Govt frowns as car makers look to raise prices in April
With the excise duty cuts announced in the budget last month making only a marginal impact on demand, car makers are once again looking at increasing prices to maintain their profitability, which they say is being hit by rising cost of imported components.business Updated: Mar 31, 2014 23:20 IST
With the excise duty cuts announced in the budget last month making only a marginal impact on demand, car makers are once again looking at increasing prices to maintain their profitability, which they say is being hit by rising cost of imported components.
Major manufacturers such as Hyundai, Honda, Mahindra and Mahindra, Tata Motors and Renault are set to hike the prices of all their products this month, while market leader Maruti is also weighing its options. This round of price increase, the second in this year, of around 1-3% will more or less offset the benefit accruing from the duty cuts in February, and the move has left the government unimpressed.
“We are considering a price increase in April across models as the cost pressures are high on account of high rate of foreign exchange, increase in raw material costs and higher freight charges,” said Rakesh Srivastava, senior vice-president, sales and marketing, Hyundai Motor India Ltd.
In the interim budget on February 17, the government had reduced excise duties on small cars, scooters, motorcycles and commercial vehicles to 8% from 12%, on sports utility vehicles to 24% from 30%, on mid-size cars to 20% from 24% and on large cars to 24% from 27%. So far, these duty cuts have had negligible impact on demand, though they resulted in a reduction in prices of vehicles. Companies have indicated that full-year passenger vehicle sales are likely to see a second consecutive annual decline in the fiscal year that ended on Monday.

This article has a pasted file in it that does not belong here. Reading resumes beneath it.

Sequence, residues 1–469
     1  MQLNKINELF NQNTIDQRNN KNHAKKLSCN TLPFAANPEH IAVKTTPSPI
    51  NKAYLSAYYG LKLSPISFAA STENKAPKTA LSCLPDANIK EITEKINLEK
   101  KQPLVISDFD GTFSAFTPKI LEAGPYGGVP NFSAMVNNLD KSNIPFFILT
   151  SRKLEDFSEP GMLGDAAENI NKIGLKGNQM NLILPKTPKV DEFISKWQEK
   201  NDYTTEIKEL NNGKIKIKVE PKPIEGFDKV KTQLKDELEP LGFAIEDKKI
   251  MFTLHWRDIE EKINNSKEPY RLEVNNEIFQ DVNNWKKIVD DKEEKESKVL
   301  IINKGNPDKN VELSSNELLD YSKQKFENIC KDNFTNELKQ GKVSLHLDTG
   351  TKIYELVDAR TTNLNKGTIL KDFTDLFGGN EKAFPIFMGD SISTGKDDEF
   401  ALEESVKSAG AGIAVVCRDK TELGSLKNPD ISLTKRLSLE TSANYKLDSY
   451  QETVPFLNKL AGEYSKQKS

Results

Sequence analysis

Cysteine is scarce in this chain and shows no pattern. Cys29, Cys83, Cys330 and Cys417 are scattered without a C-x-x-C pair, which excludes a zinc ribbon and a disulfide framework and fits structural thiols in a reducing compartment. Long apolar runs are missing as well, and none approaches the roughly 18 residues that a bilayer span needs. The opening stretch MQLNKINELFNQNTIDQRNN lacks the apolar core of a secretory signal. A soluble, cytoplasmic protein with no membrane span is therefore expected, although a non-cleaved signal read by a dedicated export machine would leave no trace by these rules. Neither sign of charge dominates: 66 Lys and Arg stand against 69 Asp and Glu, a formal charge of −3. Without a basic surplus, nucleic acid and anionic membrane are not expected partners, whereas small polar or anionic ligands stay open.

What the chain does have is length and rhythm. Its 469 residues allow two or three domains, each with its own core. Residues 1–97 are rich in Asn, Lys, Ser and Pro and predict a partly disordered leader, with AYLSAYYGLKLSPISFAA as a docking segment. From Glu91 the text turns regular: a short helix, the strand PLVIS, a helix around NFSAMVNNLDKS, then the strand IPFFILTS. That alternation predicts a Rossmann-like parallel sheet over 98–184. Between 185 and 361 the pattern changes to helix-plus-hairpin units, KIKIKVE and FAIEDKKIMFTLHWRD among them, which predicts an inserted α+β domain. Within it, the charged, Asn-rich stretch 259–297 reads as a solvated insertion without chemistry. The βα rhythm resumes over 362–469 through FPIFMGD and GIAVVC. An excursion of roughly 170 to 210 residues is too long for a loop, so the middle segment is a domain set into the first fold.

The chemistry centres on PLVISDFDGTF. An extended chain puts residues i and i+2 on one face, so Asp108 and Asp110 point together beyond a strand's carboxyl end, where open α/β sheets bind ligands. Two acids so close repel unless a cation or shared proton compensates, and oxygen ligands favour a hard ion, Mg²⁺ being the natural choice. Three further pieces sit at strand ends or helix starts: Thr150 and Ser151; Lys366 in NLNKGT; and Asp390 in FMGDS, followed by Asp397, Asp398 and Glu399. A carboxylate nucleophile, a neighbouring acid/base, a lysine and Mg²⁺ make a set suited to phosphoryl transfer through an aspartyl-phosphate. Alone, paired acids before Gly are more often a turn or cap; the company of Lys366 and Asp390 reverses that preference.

Mahindra, Tata, Maruti and Honda also said they will increase prices but did not specify the quantum. The current round of price increase however, is unlikely to go down well with the government.
“There is no rationale in increasing prices now,” said a senior official in the heavy industries ministry. “We fought hard with the finance ministry to reduce the excise duties. Now the industry wants to usurp it within just one month. Look at the balance sheet of any of these companies. They are not in the red. There is slowdown in demand but industry will lose sympathy if they raise prices.”